Wednesday, November 24, 2010

What needs to be done about North Korea's repeated attacks

The Marmot has an updated post on President Lee Myungbak's anger and his options. An excerpt:
The failure to respond in a meaningful way to things that deserve a response seems to just embolden Pyongyang, however, and one day, they’re going to miscalculate and do something that can’t be ignored. If the North thinks it can get away with an artillery barrage on a civilian community, I shudder to image what they’ll try next.
Kushibo concurs.

Kushibo was a supporter of Kim Daejung's (but not Roh Moohyun's) Sunshine Policy (and I do believe we will see its positive externalities down the road, especially in the form of a political, social, and economic integration of North Koreans that is far less difficult than it otherwise would have been), but I've always believed the carrot cannot be placed too far from the stick.

If yesterday's Yŏnpyŏng-do attack had not occurred after what was ultimately a milquetoast response to the sinking of the Ch'ŏnan and a promise to really really get mad if something like that happened again, I could understand an argument for a wait-and-see approach.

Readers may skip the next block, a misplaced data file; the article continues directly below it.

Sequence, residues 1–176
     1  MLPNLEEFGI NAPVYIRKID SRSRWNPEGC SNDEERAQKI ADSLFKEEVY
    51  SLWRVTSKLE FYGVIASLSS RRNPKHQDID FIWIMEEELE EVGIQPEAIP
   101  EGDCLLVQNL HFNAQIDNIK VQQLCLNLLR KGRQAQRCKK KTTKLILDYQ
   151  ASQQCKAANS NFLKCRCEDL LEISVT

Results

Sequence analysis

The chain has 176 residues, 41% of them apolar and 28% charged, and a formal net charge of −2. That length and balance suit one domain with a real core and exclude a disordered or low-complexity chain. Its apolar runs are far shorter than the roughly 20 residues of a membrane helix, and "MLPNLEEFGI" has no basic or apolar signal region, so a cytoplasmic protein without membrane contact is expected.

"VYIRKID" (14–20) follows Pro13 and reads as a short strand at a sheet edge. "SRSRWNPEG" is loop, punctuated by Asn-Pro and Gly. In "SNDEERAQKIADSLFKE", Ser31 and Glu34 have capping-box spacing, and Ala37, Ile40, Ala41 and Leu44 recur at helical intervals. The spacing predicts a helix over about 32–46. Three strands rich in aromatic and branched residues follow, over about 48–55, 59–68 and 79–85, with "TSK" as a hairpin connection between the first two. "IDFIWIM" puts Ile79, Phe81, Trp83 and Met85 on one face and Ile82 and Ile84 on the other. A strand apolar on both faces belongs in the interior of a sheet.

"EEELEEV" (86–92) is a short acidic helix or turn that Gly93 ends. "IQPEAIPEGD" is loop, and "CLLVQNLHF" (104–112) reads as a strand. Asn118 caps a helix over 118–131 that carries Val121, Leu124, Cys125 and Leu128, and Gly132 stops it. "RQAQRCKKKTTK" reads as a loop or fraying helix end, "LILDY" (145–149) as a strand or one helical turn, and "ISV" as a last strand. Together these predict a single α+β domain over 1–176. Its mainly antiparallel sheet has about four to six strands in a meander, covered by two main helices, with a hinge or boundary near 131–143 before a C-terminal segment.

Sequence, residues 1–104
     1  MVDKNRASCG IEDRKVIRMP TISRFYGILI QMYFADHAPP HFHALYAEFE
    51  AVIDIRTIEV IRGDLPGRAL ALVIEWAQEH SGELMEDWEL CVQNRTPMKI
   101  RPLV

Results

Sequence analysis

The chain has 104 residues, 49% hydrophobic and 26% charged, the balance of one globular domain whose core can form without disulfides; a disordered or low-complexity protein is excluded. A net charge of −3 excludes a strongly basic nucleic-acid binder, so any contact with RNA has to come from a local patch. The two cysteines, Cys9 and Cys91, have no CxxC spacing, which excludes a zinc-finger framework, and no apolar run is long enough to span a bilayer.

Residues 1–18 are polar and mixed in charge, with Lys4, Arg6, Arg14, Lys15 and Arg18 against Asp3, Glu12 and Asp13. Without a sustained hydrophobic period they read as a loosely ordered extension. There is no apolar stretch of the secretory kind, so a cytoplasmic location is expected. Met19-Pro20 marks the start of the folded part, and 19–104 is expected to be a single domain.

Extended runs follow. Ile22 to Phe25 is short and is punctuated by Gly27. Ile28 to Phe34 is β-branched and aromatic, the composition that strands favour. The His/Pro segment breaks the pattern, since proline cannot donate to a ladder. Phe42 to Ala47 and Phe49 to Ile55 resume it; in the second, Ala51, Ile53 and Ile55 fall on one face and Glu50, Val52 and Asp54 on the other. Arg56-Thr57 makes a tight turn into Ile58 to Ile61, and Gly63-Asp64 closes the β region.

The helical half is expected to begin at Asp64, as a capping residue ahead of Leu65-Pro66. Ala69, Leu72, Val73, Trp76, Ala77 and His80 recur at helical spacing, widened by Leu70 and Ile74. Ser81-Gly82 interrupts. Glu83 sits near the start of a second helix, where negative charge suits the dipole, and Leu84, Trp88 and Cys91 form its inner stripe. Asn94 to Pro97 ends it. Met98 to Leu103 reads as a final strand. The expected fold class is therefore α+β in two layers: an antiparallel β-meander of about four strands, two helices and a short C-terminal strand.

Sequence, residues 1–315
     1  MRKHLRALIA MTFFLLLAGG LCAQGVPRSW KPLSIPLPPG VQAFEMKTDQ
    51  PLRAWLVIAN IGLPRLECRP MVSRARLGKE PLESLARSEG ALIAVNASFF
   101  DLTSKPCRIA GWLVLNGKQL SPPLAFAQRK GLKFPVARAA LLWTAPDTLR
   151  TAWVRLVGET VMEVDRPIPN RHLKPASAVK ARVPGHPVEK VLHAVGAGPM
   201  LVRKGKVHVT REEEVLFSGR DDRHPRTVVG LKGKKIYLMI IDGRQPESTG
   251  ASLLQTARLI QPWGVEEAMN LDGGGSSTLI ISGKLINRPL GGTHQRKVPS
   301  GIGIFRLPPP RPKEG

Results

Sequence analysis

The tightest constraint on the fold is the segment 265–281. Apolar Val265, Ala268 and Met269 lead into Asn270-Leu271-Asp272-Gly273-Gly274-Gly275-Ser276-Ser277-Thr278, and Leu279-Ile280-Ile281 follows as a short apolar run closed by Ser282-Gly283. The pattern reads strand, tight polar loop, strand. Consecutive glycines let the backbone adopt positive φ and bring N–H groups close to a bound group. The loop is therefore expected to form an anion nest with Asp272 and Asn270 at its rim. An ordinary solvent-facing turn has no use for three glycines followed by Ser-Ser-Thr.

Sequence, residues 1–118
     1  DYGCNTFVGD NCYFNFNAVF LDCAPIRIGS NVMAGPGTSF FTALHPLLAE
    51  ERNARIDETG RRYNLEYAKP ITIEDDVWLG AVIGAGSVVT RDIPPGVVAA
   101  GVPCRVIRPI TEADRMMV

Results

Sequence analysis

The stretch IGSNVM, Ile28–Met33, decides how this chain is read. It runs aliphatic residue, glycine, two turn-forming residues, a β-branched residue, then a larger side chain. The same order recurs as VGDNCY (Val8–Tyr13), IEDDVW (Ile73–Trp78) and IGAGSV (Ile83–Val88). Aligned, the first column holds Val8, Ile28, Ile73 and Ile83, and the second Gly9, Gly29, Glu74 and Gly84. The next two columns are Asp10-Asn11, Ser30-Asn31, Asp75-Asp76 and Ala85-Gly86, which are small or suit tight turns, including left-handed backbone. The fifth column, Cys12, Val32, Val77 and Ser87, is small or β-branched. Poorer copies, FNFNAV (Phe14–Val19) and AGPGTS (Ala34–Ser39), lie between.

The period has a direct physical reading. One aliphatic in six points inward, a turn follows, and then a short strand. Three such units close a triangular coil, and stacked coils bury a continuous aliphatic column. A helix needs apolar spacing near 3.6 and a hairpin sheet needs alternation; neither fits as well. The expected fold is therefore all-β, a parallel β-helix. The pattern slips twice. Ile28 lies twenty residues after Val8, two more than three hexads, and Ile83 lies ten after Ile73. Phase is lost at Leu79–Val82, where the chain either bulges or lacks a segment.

But North Korea has driven us into a corner: They killed four dozen ROK military personnel and we did nothing, and now they've upped the ante with an attack on sovereign and undisputed ROK territory in which not only were ROK military personnel killed again, but civilians were also attacked. This cannot stand. If it goes unanswered, it is clear that it will almost certainly happen again.

Bearing in mind that a military response may be what North Korea's leadership is trying to elicit from us, and economic damage to South Korea may be a fringe benefit of their machinations, the South Korean response must be clear, meaningful, strategic, and proportionate to both attacks.

What Kushibo recommends is that sometime within the next week next day or so, the South Korean military (without the direct involvement of the US military, unless the ROK military is lacking in some necessary component) must do the following:
  1. take out the military capabilities from which the artillery strikes on Yŏnpyŏng-do Island took place
  2. take out the military capabilities from which the attack on the Ch'ŏnan took place
  3. take out all the military capabilities on North Korea's southwest coast from which it can conduct such attacks on South Korean civilians or military in the outlying islands of Ongjin-gun County and the surrounding waters on the South Korean side of the Northern Limit Line, especially those south-of-NLL waters that North Korea does not dispute